With G-d At My Side: A Child’s Story of Survival by Menachem Taiblum (with Cyndie Meyer), CreateSpace © 2014; ISBN 978-150-586-2270; 150 pages.
By Donald H. Harrison
SAN DIEGO – Cantor Menachem Taiblum of Portland, Oregon, recalls his boyhood running from the Nazis in this episodic memoir, which, with the help of writer Cyndie Meyer, has the page-turning flavor of an adventure story. It’s easy to read, and you can’t help but admire Taiblum for his bravery and determination.
He tells of growing up in an affluent Jewish home in Warsaw, being moved into a ghetto, and, under the pressure of starvation, escaping the ghetto one day to try to acquire food from a farmer acquaintance. Successful, the 12-year-old boy snuck back into the ghetto, to find that every member of his family, in fact every family on the whole black, had disappeared, victims of a Nazi roundup. He found one disoriented old man wandering around, and to him, he gave the food intended for his family. He snuck back out of the ghetto and returned to the home of the kind farmer.
Knowing it was not safe for either of them if Menachem stayed with him, the farmer arranged for Menachem to stay somewhere else and started him on a journey in which Menachem would acquire false ID papers as well as a good working knowledge of the Catholic religion, enabling him to pray as fervently as any Polish Catholic, whether in their homes or in their churches, and thereby escape detection as a Jew.
He kept on the move, but at one point he was caught up in a draft of Poles for a Nazi work camp. The farmer he was staying with had the option of sending someone in his stead, and so sent Menachem, now masquerading as Marian Redlicki.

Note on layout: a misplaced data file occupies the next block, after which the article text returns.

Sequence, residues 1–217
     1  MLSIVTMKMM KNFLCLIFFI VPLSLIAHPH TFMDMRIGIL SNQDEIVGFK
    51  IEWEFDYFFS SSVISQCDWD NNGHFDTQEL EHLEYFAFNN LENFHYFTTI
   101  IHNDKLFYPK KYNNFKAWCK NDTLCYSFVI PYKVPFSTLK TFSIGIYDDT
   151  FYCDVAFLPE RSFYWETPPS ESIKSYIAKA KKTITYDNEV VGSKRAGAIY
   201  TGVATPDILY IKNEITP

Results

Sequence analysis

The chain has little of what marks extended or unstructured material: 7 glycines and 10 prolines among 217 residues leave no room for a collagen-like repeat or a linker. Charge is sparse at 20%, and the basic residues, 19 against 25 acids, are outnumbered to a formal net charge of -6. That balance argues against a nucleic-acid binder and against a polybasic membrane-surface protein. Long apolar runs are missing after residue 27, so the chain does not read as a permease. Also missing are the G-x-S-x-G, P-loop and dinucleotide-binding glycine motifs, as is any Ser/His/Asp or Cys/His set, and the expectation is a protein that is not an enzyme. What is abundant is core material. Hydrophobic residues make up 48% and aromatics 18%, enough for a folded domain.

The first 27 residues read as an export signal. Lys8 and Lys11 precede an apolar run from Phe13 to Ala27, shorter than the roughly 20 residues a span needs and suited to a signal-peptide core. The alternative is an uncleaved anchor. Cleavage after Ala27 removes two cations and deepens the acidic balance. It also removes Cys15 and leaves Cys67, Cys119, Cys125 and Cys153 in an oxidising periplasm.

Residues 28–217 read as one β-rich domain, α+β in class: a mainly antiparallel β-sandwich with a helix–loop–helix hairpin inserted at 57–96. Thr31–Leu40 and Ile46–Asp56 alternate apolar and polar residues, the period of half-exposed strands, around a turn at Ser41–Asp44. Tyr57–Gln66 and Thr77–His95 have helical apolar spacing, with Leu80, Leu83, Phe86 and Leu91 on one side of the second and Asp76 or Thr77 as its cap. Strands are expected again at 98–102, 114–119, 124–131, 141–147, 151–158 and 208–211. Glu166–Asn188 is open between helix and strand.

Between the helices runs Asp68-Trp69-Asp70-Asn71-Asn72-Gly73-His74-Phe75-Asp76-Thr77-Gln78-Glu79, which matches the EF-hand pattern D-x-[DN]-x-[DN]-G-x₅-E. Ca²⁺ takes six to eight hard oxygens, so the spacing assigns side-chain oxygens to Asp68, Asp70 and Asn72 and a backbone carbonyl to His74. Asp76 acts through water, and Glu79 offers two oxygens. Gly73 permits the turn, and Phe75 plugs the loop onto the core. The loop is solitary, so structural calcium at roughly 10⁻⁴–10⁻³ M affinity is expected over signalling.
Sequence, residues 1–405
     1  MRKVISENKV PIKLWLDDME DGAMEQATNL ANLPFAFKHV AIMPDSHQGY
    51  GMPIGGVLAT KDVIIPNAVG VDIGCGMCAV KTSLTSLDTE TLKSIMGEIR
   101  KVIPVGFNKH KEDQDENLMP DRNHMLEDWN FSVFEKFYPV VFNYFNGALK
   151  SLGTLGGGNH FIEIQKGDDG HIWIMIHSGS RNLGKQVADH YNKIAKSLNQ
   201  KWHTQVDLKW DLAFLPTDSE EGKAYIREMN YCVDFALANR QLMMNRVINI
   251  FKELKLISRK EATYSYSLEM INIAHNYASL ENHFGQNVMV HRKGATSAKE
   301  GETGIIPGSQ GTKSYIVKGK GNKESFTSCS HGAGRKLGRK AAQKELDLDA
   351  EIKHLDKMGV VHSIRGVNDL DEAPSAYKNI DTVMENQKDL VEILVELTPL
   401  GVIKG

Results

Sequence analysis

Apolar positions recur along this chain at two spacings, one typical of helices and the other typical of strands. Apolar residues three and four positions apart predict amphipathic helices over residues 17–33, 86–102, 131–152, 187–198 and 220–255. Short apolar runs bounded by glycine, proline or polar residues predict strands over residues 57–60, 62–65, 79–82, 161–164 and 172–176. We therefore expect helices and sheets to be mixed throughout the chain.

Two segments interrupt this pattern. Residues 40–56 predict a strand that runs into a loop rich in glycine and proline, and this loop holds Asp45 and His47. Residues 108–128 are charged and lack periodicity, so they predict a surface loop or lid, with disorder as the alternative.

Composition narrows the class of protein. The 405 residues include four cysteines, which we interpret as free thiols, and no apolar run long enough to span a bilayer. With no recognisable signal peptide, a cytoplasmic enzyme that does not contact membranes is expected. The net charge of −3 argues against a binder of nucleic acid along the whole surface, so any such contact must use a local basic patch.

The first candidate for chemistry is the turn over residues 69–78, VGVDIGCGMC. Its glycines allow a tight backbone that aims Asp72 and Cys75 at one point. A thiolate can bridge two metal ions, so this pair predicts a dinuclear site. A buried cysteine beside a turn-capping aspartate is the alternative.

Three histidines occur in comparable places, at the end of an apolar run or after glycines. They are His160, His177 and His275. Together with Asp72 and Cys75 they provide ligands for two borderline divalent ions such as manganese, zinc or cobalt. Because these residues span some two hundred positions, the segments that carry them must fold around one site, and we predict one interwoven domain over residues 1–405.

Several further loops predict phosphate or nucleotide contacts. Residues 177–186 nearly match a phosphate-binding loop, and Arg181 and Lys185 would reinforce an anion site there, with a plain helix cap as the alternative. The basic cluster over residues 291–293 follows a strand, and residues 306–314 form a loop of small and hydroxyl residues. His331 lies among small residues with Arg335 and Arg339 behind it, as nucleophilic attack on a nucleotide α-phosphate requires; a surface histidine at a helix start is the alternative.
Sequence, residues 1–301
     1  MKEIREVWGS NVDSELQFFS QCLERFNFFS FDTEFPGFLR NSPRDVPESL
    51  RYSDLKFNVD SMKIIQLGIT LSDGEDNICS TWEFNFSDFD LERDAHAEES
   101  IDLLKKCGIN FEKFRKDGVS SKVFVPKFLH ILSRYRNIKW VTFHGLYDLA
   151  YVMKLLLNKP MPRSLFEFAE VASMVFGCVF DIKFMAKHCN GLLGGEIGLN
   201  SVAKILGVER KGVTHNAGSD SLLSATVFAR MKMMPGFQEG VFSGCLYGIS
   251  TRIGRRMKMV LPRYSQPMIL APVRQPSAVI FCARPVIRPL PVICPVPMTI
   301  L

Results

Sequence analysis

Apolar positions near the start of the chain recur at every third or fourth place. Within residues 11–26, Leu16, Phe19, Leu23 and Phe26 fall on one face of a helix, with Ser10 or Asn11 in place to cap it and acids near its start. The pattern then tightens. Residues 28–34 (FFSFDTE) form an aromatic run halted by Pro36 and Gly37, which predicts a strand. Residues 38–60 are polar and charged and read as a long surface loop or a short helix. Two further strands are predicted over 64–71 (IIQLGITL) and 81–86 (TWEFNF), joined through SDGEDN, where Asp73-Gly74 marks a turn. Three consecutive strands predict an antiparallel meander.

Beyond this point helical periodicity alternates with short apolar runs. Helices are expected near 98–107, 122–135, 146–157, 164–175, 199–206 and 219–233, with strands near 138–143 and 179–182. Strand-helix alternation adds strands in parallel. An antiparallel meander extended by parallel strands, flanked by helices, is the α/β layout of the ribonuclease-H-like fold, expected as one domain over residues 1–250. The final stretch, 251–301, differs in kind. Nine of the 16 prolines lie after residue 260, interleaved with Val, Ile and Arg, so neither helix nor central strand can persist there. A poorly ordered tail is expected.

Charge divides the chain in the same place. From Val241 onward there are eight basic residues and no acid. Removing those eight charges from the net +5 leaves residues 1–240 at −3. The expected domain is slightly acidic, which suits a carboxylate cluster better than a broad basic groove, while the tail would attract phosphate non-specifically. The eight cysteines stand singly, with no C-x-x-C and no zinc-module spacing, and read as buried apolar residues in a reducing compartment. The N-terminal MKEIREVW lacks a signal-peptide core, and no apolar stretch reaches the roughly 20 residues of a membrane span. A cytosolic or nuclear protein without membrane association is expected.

At the camp, he witnessed some horrible brutality – a prisoner being whipped to death, a baby taken from a mother’s arms and tossed in the air for a Nazi officer’s target practice—but he also made a friend, a boy named Olek, one year older than he. One night, utilizing rubber pliers given to them by a nun to widen a path through the electrified fence, they made their escape from the work camp, and eventually made their way back to Warsaw, in time for the uprising, in which the two boys participated before escaping from Warsaw again, this time to find the Partisans in the forests.
Taiblum tells of learning how to place dynamite beneath railroad tracks, and describes his life among the partisans prior to the news reaching them that the war was over, that the Nazis had surrendered. Thereafter, we learn of Taiblum’s searching in vain for living relatives, and his migration to Israel, then to Brazil, and finally to the United States.
Well-written, it is for the most part, a boy’s-eye view of a monstrous epoch in world history.
Harrison is editor of San Diego Jewish World. Your comment may be sent to email@example.com